Childhood brain cancer tumours are one of the most challenging and heart-breaking conditions that a child can suffer from, with many tumours being life threatening.
Despite being very difficult to treat, researchers are making significant strides in understanding how these tumours spread throughout the brain. A great example is a recent study by the Institute of Cancer Research, London, which involved the use of mathematical modelling to detect, measure and map how cells within diffuse intrinsic pontine glioma (DIPG) tumours spread.
What is a DIPG tumour?
DIPG tumours are highly aggressive, as the diffuse tumour does not form a solid mass. Instead, it spreads throughout the brainstem and central nervous system. Due to the location, operating is not an option, and these tumours are one of the deadliest forms of childhood cancers. For decades there was little progress in treatment research, however in 2018 researchers found that these tumours are made up of cancerous cells and non-cancerous cells that are controlled by the tumour, with the latest 2023 study focusing on two subtypes of cells, VI-E6 and VI-D10.
Cooperation between cells doubles the tumour spread
This was the first study which measured interactions between cells and how they spread and invade the surrounding areas. The team used deep learning to process images obtained from patient biopsies, with the researchers able to identify interactions between cooperating cell subtypes and those which spread due to unrelated factors.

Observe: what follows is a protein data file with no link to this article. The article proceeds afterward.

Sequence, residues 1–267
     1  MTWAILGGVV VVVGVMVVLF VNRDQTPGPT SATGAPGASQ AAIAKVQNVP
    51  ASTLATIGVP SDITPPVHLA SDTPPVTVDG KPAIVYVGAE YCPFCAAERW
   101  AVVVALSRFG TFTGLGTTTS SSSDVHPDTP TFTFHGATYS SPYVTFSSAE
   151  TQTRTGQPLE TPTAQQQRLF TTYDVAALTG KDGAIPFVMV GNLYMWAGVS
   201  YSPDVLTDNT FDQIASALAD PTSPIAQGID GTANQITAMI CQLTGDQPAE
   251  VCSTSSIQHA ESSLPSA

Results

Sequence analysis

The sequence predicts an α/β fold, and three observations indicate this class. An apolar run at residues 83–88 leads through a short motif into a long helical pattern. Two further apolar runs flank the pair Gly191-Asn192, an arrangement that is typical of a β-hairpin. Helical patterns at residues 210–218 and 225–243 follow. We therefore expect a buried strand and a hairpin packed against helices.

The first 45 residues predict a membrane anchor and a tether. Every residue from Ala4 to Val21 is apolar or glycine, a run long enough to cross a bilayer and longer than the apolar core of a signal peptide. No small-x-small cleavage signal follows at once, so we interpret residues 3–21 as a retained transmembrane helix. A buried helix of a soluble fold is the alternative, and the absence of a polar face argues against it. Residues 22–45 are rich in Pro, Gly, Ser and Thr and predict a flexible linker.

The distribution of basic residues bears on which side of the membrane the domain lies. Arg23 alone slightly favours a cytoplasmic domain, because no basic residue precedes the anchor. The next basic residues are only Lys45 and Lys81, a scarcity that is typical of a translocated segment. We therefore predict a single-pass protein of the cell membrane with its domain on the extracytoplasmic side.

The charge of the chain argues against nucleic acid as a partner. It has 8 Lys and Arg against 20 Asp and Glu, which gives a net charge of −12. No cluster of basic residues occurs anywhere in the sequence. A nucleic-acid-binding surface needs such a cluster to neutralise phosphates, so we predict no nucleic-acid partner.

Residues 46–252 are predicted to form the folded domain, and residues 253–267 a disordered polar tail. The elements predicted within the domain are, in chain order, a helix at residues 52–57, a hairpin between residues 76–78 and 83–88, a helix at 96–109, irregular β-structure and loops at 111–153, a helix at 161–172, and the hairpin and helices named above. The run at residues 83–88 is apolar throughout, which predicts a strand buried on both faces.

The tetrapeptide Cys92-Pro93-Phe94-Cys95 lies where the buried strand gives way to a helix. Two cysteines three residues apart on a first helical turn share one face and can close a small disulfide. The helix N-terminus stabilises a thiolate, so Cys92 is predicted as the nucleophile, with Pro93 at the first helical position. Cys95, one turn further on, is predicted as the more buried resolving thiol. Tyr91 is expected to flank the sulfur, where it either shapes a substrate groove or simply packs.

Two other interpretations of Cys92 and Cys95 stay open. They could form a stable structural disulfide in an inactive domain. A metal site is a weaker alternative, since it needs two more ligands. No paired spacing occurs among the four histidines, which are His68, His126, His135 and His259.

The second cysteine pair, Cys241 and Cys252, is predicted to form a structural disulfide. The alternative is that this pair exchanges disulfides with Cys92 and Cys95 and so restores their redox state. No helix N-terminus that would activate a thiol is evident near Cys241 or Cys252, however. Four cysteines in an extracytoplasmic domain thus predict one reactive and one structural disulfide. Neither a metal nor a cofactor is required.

In the past, research focused on cell growth, but this model-based study focused on the interactions that impact the way the cells spread into new areas. When two subtypes of cells were cultured together in the lab it more than doubled the spread, compared to those which were grown in separate environments. This highlighted the interactions between cells, with some cells spreading without harming others and other cells growing while exploiting a subtype.
What do the new findings mean for treatment options?
As Professor Chris Jones highlights, this type of cancer is very difficult to treat with almost all sufferers dying within two years. The professor and his team are aiming to target and disrupt the interactions between the tumour cells, with the latest research using mathematical modelling to map and measure the way these cells grow. If treatments are able to target and block specific cell subtypes, it would be possible to stop the spread in its track, and the innovative framework could also be applied to many other cancerous tumours.